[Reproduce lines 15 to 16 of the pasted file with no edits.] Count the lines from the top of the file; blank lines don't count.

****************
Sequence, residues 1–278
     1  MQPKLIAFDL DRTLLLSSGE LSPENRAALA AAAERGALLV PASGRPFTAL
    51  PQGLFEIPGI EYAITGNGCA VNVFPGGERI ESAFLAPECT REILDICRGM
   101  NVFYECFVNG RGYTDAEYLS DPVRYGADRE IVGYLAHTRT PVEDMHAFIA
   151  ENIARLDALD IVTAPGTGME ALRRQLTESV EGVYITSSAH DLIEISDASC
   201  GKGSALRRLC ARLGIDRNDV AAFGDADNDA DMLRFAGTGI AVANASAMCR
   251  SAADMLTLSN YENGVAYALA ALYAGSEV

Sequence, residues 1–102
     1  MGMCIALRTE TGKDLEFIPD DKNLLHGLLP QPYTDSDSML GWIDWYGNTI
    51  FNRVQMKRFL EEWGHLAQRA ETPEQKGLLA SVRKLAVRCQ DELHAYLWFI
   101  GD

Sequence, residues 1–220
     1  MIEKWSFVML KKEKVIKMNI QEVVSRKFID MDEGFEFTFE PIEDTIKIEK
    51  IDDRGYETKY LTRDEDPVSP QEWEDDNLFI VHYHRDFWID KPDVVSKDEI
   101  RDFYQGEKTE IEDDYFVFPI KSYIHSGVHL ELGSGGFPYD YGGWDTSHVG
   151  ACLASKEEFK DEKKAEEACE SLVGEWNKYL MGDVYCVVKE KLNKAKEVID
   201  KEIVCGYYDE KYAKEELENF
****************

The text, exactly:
   101  RDFYQGEKTE IEDDYFVFPI KSYIHSGVHL ELGSGGFPYD YGGWDTSHVG
   151  ACLASKEEFK DEKKAEEACE SLVGEWNKYL MGDVYCVVKE KLNKAKEVID